Kindly forgive the length of this post, as I am not very familiar with much of the terminology and I'm trying to explain ideas which are very basic in my mind but which in reality I understand can be much more complex.

I am seeking to better understand the concept of diminishing marginal utility and how it could apply in specific service-industry concepts. I found that most textbooks simply state that the concept may apply to goods and services, however they only list examples pertaining to goods, in particular by adding in terms of quantity.

What about the next unit added in terms of quality, in a service context?

I will provide an example where I want to see if the concept (or rule) can be applied validly.

Let's take a hypothetical fine dining example, for instance. Service quality is expected to be/and generally should be much better than at regular fare restaurants. Food quality, just the same, in different ways (ingredients, preparation, presentation)... I am also assuming in this hypothetical example a few things:

  • although there are goods being sold here, this is largely a service context, as the assumption be is fine dining is mainly based on the service, the attentiveness of the staff for example being very important for many who enjoy fine dining experiences
  • when I said quality (of goods and services) is expected to be better, this is another assumption I'm making in this hypothetical example that there's no argument where it is or not, I understand it is a subjective equality to some extent, and that many fine dining restaurants will not stand up to the test of say... Some fine dining connoisseur with high expectations. This is disregarded in the example to keep it simple.

How can one describe marginal utility in terms of quality of a service within the context of a service industry?

Can we somehow apply the concept of diminishing returns in this manner (again within the context of a restaurant):

1-bad food + service: very low cost, negative benefit, gastrointestinal issues, frustration, indignation 2-okay food+service: higher cost, low benefit, full tummy, long wait times, nothing special, (within the context of service industry here again not someone who is only hungry and seeking food) 3-good food+service: again assuming higher cost, more benefit obtained, better food, shorter service from kitchen to table, now the hypothetical customer is deriving more benefits is the point 4-great food+service: come at a added premium, food tastes amazing, staff is very knowledgeable about what they serve, pleasant, and the customer leaves very satisfied ... n-amazing food+service, fine dining and the such (many levels of fine dining and respective added premiums): staff is attentive to minute details and needs of customers, from the arrival,valet service, maitre d, sommelier... You don't find these in regular restaurants and there's definitely a much higher premium and certain levels of tips expected. Satisfaction? The customer leaves very satisfied. More than (4)? It's hard to say, this is very subjective.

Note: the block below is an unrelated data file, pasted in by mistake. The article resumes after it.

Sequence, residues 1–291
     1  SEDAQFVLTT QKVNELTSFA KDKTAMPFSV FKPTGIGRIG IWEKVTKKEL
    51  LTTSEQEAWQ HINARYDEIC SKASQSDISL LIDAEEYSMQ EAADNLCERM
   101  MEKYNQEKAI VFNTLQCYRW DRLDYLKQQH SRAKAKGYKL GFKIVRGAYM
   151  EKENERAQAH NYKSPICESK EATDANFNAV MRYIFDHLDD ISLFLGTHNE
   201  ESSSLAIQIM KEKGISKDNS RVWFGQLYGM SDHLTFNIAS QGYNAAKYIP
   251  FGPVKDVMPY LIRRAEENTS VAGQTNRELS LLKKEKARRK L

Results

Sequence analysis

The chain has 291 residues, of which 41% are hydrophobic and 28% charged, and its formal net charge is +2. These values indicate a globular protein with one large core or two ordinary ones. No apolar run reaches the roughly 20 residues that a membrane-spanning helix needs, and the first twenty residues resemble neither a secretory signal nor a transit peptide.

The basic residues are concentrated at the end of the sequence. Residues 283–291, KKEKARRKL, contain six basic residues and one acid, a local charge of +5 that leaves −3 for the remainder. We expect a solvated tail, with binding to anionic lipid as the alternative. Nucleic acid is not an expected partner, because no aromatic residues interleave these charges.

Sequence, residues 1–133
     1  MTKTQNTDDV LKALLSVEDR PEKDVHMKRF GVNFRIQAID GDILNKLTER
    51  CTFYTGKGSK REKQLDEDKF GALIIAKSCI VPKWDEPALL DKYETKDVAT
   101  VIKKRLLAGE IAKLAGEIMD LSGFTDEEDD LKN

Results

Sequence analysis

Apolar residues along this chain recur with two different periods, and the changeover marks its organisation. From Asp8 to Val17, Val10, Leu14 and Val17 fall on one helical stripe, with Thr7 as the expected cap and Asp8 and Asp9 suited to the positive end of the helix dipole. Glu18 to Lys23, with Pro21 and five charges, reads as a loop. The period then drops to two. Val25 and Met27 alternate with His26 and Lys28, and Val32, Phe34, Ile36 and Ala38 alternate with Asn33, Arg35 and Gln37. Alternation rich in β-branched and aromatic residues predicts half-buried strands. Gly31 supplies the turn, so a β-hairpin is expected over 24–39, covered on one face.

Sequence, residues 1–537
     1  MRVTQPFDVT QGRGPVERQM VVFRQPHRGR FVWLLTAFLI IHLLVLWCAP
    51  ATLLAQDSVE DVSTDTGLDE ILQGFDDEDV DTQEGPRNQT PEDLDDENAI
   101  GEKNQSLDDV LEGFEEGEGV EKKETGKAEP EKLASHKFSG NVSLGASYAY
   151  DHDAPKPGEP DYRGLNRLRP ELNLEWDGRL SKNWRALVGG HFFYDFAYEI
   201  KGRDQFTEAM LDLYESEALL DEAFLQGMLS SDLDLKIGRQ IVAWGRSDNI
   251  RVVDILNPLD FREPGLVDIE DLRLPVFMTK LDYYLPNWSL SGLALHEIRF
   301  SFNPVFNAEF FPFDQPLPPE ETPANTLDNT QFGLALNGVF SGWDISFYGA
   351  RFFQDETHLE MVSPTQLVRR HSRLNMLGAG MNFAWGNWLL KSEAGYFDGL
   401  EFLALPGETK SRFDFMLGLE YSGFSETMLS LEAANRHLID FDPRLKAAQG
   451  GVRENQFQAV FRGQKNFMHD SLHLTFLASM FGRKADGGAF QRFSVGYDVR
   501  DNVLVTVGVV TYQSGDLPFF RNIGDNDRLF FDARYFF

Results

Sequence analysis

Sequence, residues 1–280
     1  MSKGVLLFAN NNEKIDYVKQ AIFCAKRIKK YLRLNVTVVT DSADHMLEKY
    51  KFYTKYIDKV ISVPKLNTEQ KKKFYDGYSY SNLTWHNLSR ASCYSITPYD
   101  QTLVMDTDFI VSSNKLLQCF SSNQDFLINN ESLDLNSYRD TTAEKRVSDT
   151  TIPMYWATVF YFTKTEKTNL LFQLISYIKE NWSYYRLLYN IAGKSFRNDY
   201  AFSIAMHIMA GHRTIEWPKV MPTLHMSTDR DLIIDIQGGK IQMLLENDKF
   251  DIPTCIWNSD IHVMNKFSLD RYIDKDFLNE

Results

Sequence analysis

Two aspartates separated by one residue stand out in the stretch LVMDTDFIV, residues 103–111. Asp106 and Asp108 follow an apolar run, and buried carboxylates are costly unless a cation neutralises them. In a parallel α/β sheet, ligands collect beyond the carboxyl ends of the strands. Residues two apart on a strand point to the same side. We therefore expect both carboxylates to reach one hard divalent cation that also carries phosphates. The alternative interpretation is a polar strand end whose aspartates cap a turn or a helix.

But it's likely that going from 1 to 2, 3, 4, all the way to N, I suspect there's a diminishment in the benefit derived from the better quality of service and food.

I hope someone can read this and share some ideas to better make sense of this. Any reading which should also help me understand what I'm trying to say (and better express it) would be much appreciated.

Also, I noticed that certain assumptions are made when discussing the concept of diminishing marginal utility that I read, something along the lines of Rational Choice.

Thank you for reading this long post.


1 Answer 1


We can see services of different qualities simply as different “products”. Going to Mcdonalds would be product x and going to fine dining restaurant “the french laundry” with their fixed menu would be product y.

Diminishing returns apply to a specific product. The first time I go to “the French laundry” its great. But then suppose I go there every night and even twice a day. By the end of the month, I will be tired of it. The 100th time I go there will simply be less special and fun as that first time. I will get tired of the same ambiance and decor and waitstaff and will want to try another restaurant.

Also note that if they change their fixed menu, it would again be a different product they’re offering.


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